Last night I saw Vinnie Nardiello's play The Boom at Theater for the New City's Dream Up Festival. This wonderful new piece about the lives of stand-up comics (written by a stand-up comic himself) is only playing until September 20th, so make plans to see it now. It is not to be missed!
Nardiello's title comes from the boom in stand-up comedy in the late '80s and early '90s when clubs across the country thrived, offering an array of often shocking comedians to young, hip audiences who flocked to nights of drinking and good times. That boom is now long gone, and a nostalgia for the good old days sweeps across most of the characters in the play.
Some clubs keep special apartments for traveling comics, and The Boom takes place in a condominium in Pittsburgh owned by a local comedy club. Three comedians are sharing the place: the mediocre MC, "Big" Tim McGuinness (played by Richie Byrne), the up-and-coming YouTube sensation Ray Messina (played by Dan Stern), and the nearly washed-up oldtimer, Buddy Darby (played by DJ Hazard).
Much of the play centers around the conflict between Buddy and Ray, as the bad-boy genius of yesterday's comedy circuit finds himself being upstaged by a younger rival eager to replace him as the headliner. Like his character, Hazard has worked with some great comics (Bobcat Goldthwait, Paula Poundstone, etc.) and toured all over the country (even living out of his car when he needed to at times). He brings an immediate sense of authenticity to the role, and his performance is the highlight of the show.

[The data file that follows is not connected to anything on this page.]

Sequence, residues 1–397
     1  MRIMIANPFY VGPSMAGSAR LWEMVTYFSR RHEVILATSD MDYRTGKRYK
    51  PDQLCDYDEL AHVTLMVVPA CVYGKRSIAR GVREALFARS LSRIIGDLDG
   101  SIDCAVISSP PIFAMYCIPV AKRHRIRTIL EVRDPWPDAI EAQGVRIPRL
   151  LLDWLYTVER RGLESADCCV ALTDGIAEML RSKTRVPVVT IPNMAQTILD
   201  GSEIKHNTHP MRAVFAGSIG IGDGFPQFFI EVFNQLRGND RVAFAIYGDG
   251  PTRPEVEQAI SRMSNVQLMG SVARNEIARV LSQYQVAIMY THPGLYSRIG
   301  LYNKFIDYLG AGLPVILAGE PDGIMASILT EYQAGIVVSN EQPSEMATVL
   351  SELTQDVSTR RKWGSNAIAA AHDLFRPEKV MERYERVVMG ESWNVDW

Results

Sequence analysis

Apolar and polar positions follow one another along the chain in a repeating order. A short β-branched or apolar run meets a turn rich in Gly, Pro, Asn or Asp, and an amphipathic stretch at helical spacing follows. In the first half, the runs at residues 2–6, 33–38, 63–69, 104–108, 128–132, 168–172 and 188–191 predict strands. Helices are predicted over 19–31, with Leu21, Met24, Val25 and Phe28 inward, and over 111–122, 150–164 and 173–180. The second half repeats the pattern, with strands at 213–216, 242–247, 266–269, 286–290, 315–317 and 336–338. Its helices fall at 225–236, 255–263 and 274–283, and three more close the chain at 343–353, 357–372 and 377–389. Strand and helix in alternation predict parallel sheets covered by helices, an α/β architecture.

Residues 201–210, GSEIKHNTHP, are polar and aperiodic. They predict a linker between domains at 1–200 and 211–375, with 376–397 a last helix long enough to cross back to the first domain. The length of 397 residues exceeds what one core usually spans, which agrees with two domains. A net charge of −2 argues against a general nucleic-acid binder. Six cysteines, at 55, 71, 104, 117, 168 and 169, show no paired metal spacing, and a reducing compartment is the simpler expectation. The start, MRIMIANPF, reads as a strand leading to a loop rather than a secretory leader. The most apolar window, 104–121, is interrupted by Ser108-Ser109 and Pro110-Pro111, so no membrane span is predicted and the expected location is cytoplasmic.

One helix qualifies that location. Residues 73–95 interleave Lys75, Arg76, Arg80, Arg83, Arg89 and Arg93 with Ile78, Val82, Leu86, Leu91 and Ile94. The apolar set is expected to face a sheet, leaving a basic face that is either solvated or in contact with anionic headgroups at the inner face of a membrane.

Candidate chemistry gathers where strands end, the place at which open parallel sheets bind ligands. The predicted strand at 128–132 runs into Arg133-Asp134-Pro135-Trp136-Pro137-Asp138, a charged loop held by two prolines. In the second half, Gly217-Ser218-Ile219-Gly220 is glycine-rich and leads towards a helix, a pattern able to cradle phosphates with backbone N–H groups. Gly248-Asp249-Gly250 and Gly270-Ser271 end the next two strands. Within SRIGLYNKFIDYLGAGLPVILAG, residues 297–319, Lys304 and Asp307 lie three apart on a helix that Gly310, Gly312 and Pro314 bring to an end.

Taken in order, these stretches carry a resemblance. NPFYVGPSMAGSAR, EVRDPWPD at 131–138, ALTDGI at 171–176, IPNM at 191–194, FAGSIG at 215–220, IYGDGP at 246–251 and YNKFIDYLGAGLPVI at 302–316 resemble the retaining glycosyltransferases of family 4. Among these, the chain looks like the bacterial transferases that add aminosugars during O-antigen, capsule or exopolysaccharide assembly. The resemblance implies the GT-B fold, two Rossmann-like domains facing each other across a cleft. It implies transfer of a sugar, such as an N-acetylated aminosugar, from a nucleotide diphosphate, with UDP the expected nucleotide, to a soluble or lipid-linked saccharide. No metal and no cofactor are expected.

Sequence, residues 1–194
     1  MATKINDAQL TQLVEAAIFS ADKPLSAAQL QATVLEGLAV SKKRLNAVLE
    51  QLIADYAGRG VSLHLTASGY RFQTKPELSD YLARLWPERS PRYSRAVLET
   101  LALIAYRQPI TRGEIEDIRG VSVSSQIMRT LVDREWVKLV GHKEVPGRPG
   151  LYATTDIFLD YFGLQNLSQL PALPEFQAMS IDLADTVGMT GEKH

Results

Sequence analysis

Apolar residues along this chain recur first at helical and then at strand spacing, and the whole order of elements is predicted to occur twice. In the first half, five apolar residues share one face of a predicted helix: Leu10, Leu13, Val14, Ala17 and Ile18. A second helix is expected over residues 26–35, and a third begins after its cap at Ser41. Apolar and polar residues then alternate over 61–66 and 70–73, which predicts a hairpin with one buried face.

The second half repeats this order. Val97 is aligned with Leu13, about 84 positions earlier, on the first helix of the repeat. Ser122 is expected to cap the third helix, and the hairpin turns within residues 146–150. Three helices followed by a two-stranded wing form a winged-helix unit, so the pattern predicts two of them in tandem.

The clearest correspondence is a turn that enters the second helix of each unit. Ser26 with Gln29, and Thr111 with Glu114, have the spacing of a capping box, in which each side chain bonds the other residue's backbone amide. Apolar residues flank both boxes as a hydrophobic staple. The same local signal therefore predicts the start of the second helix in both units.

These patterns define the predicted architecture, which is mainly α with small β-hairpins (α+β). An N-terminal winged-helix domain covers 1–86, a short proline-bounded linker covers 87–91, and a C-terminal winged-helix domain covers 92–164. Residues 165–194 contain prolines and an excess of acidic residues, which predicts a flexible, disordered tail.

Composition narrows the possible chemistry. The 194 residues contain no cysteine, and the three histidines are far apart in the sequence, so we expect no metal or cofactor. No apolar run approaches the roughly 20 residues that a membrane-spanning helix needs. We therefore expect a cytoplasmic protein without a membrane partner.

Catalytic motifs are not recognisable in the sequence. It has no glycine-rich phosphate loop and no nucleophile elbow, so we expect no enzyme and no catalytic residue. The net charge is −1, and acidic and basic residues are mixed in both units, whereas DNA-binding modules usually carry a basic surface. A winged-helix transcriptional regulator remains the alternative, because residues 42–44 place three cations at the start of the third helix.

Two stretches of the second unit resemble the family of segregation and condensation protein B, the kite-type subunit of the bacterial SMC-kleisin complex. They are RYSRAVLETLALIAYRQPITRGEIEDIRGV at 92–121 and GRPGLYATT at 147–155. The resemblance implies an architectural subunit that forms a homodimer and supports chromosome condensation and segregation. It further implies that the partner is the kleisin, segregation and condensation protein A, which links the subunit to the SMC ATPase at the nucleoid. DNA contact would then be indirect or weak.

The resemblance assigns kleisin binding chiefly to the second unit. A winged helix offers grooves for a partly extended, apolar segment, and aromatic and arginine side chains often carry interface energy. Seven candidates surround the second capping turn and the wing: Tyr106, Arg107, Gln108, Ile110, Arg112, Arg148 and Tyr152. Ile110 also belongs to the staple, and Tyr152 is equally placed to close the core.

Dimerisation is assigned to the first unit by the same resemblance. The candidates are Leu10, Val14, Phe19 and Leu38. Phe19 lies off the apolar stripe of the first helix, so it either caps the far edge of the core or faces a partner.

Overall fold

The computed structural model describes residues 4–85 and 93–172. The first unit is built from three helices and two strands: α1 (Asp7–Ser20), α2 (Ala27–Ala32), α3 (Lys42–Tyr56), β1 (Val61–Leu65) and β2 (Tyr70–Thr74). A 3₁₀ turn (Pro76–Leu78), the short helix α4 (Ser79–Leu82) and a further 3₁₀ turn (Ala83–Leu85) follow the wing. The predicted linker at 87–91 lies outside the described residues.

Ray is ingratiating, but we also are not terribly surprised when it turns out he's been less than honest about his sudden rise to fame. Stern does an excellent job making the character likable, even as he descends lower and lower in his bid for success. As Big Tim, Byrne is loud, crude, and obnoxious, but occasionally exhibits a tender side that reminds us why Buddy wants to keep him around. Make no mistake, though. This is a dog-eat-dog world, and Big Tim seems ready to jettison anything and anyone he needs to in order to keep his career alive.
The club's manager, Miranda (played by Kara Jackson), has a touching relationship with the aging Buddy. Their unromantic romance is simple and complicated at the same time. And just when the play seems to have settled into a sad reverie on the passing of greatness, party girl Cara (played by Melissa Stokoski) comes on stage, offering a fresh burst of energy. The high and drunken Cara's painfully bad attempts to tell jokes to a room full of professional comedians are so un-funny that they end up being hysterical.
Director Mark Riccadonna deserves credit for helping the cast to meld together into a wonderful comic unit. My only regret is that Nardiello seems unsure how to end the piece. A play this moving and entertaining deserves a stronger finish. Still, it's one heck of a ride, and I definitely recommend checking it out before it closes later this month.
For more information check out the show's website here: